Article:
Theopetra Cave, located in the Meteora limestone rock formations of Thessaly, is likely to be the place of the oldest human construction on earth, as findings indicate that the cave was inhabited as early as 130,000 years ago.
According to archaeologists, evidence of human habitation in the cave can be traced without interruption from the Middle Palaeolithic to the end of the Neolithic period.
Theopetra Cave is located at the foot of a 100-meter (330 foot) tall limestone cliff which looms over Theopetra village. The Lethaios River flows nearby.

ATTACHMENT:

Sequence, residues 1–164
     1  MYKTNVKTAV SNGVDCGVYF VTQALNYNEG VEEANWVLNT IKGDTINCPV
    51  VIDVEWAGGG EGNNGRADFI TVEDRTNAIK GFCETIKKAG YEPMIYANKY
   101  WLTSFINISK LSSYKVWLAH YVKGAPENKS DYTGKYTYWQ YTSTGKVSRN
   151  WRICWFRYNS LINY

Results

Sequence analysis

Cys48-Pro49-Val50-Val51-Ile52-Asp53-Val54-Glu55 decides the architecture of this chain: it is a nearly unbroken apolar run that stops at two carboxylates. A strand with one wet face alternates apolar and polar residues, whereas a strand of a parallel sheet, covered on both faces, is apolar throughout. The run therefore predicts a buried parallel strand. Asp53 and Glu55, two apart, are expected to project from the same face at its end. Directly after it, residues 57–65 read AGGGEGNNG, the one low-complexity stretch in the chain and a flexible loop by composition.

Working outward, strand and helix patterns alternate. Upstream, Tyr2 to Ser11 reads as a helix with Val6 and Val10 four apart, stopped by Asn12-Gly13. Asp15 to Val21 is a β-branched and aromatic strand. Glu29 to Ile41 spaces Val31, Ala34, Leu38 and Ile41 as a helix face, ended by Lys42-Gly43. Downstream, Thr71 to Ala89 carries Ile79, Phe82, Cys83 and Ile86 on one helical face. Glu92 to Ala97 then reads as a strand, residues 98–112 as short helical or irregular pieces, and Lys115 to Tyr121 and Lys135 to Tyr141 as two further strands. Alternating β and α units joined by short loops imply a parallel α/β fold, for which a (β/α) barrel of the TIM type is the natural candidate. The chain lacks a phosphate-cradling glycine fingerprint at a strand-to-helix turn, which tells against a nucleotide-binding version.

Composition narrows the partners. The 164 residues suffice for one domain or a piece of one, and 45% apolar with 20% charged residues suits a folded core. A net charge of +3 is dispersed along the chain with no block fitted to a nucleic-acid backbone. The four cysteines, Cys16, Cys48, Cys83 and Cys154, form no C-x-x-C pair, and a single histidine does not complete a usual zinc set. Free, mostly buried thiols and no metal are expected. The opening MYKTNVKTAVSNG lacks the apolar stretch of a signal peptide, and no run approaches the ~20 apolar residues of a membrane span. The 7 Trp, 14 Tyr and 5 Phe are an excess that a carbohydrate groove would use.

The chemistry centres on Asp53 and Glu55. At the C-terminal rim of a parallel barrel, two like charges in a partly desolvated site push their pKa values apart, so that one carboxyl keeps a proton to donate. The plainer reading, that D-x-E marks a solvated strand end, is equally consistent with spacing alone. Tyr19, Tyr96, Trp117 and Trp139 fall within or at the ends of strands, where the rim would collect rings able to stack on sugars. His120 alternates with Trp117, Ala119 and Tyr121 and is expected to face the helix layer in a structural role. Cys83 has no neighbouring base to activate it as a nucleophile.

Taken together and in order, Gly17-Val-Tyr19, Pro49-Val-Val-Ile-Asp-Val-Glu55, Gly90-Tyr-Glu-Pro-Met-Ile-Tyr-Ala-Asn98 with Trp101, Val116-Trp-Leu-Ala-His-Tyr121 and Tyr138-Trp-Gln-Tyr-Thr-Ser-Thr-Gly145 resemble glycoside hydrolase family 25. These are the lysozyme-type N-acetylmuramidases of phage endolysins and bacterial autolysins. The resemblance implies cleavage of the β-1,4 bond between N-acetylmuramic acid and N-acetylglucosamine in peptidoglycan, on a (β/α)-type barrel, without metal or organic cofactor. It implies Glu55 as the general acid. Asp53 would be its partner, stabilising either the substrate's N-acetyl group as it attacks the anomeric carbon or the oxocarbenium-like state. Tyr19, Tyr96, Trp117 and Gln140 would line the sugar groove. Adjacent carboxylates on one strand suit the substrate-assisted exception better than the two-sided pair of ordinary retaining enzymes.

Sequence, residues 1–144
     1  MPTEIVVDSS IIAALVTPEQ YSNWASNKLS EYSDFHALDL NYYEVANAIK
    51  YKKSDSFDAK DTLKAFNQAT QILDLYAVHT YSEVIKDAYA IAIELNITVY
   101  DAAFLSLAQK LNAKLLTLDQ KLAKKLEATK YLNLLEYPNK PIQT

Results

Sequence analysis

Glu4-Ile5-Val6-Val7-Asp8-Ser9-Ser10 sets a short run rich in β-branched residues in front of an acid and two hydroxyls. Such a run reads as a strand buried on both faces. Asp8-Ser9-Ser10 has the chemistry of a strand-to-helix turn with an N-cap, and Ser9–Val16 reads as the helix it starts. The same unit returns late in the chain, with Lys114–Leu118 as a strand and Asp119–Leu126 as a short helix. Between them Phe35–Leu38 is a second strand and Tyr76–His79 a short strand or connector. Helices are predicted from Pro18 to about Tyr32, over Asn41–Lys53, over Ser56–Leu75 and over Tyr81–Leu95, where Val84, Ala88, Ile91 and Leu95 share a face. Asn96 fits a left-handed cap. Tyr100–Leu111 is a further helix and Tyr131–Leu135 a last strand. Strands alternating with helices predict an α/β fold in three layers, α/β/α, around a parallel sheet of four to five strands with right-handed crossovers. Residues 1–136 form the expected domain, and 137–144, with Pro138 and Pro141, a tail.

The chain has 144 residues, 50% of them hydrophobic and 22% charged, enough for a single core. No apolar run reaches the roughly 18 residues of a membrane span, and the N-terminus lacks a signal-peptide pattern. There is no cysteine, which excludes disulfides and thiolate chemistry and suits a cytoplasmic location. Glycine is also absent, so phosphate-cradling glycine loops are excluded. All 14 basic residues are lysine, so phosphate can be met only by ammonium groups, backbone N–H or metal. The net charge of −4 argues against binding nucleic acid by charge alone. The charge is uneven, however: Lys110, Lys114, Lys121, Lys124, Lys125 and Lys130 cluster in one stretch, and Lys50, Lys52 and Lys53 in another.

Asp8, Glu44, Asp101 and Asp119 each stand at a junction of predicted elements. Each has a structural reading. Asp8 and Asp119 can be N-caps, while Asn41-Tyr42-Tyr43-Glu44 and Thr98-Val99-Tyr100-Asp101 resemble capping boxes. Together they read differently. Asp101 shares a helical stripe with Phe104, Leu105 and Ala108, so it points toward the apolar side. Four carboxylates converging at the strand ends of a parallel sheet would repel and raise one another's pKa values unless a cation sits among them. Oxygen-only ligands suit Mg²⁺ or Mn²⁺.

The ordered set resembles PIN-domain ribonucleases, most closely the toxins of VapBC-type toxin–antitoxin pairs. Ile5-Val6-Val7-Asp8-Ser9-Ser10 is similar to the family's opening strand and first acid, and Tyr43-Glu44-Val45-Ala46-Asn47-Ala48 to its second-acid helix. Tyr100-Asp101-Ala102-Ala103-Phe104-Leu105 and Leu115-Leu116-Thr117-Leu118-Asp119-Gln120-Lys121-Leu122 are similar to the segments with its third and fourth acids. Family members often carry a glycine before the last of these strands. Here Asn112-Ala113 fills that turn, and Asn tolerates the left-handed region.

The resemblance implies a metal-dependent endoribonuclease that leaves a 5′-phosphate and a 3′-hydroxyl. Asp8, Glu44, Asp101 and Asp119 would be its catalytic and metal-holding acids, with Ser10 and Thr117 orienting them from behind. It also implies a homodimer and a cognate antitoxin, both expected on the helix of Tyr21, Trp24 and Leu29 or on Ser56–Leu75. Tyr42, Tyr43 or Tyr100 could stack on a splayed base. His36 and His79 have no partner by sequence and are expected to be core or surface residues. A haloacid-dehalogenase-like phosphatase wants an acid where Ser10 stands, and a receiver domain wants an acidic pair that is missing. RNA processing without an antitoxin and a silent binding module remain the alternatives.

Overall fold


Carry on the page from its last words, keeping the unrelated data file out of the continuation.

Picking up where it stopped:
Geologists say that the limestone hill was formed between 137 and 65 million years ago, during the Upper Cretaceous geological period.
Archaeological evidence now indicates that humans occupied the cave during the Middle Palaeolithic period, approximately 130,000 years ago.
Theopetra was officially opened to the public in 2009, but closed a year later, as the remains of the stone wall were discovered during that year. It reopened a year later, but closed once again in 2016 due to the risk of landslides.